Business rates are past their sell-by date

By Sir Stephen Houghton | 25 January 2021

When the Business Rates Retention mechanism was introduced in 2013, I argued that such a move would result in ‘divergence’ between wealthier authorities and poorer ones. Sadly, this is exactly what has happened. In 2020-21 compared to a needs-based allocation, our councils lost out on £225m of vitally needed funding. In 2018-19 the worst 10% actually experienced a decline rather than growth, despite the national overall growth above base of 7.2%. This retained growth is not included in the core spending power calculations, so no account was taken of this when allocating COVID emergency funding.

The Government has perpetuated the issue by failing to ‘re-set’ the baseline in 2020 as was promised when the reforms were introduced. We calculated the business rates growth above inflation in 2020-21 to be £1.9bn. Delaying the re-set harms more deprived communities who are less able to raise funding from their local tax bases.

When I spoke to the Housing, Communities and Local Government Committee inquiry into local government finance and the impact of COVID-19, I made it clear that a re-set would be a great way to ‘level-up’ more deprived areas. Indeed, the committee included it as part of their list of ‘asks’ to the secretary of state. Sadly, this went unheeded and the re-set was delayed – the Government again chose to kick the can down the road, rather than deal with the issue.

The Government decided not to provide any support for this fiscal hit to more deprived communities. Instead, they increased the Rural Services Grant to its highest ever level and created a new pot called the ‘lower tier services grant’ which primarily went to districts –the major benefices of retained business rates. Readers will also no-doubt remember that the Government has chosen to continue to eliminate ‘negative’ Revenue Support Grant to the benefit of the councils with the highest tax bases.

Business rates are an unsustainable way to fund local government partly because localised economic downturns could risk vital local services. The coronavirus pandemic has shown this to an extraordinary degree. Councils have distributed billions of pounds of reliefs, the bureaucracy of which has been no mean feat. It is likely that due to the continued economic downturn and lockdowns we will see further reliefs being delivered in the coming months. In addition, returns submitted to the Ministry of Housing, Communities and Local Government detailing COVID pressures indicate that our members will lose almost £300m of business rates income.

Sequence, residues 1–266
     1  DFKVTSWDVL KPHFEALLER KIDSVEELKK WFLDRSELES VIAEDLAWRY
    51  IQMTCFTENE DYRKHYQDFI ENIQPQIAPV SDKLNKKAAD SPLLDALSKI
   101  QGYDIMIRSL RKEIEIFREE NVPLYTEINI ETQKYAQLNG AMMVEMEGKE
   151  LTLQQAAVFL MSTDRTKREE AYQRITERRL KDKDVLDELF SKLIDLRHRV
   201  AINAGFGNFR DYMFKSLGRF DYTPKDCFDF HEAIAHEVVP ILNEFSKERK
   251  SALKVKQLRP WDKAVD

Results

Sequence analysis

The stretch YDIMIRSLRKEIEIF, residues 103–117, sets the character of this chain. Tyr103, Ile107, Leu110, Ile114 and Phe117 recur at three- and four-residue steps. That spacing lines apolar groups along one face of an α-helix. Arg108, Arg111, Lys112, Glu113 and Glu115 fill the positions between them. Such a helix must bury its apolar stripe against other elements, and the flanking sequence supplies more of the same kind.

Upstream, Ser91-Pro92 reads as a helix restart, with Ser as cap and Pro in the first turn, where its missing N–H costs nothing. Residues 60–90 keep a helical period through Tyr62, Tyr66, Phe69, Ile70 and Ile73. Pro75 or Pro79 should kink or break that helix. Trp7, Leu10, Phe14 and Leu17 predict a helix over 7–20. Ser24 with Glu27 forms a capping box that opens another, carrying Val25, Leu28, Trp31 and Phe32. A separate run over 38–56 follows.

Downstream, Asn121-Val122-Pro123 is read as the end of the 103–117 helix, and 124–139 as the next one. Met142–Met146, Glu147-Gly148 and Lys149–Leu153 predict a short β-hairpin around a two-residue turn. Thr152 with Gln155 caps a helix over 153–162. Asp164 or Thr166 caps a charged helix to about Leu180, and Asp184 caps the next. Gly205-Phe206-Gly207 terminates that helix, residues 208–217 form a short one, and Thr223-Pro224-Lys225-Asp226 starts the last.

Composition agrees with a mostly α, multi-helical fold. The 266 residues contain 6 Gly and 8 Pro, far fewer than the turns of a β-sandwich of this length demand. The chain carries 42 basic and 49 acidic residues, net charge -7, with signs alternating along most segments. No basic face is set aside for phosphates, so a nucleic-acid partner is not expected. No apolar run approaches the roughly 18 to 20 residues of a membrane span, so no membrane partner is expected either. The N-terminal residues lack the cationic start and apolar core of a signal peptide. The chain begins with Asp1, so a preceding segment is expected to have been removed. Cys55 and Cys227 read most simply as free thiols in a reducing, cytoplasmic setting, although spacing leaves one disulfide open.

Businesses need support this year and an ad-hoc programme of reliefs is not a sustainable or fair way to proceed. There is increasing consensus in the business community that reform is needed – in response to the economic statement from the chancellor earlier this month Colliers International said that the Government must address the ‘elephant in the room’ with rates bills ‘still hanging over heads’ of retail, hospitality and leisure sectors. However, the substantial reforms that businesses require would likely reduce the tax take and damage local services.

A good start would be to decouple the link between business rates and local services. This is vital if we are going to have any chance of solving the bigger taxation issues whilst ensuring equality of services across the country. I have consistently called for services for our communities to be based on the needs of those communities. What cannot be delivered locally from council tax should be met from national taxation. If we don’t take this step and businesses continue to fail due to COVID-19, a council will inevitably fail – a disastrous outcome for residents and businesses.

Decoupling would allow the Government to deliver on its ‘levelling up’ agenda by considering targeted business support without worrying about the impact on local services if business rates income fell. By moving away from business rates as a means of funding services, we can transition to a fairer sustainable grant-based system calculated by need.

Incentive funding should only kick in once councils have their base needs funded. In addition, the incentive pots should recognise that the ability to achieve growth varies between councils and regions.

Once the Government has determined the quantum, ideally over a multi-year period to ensure stability and allow better long-term financial planning, an independent body should decide the formula on how funding is divided up. This would ensure there is no concern of political interference and address the growing divide in local service funding.

Cllr Sir Stephen Houghton is leader of Barnsley MBC and chair of Sigoma


Taxation tribulations for a post-COVID nation

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